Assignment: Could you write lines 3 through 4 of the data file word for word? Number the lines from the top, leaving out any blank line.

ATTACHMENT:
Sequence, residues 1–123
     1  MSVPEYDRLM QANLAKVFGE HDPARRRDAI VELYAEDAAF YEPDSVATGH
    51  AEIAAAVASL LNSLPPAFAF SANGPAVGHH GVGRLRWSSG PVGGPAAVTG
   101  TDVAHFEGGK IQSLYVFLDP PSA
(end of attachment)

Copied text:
    51  AEIAAAVASL LNSLPPAFAF SANGPAVGHH GVGRLRWSSG PVGGPAAVTG
   101  TDVAHFEGGK IQSLYVFLDP PSA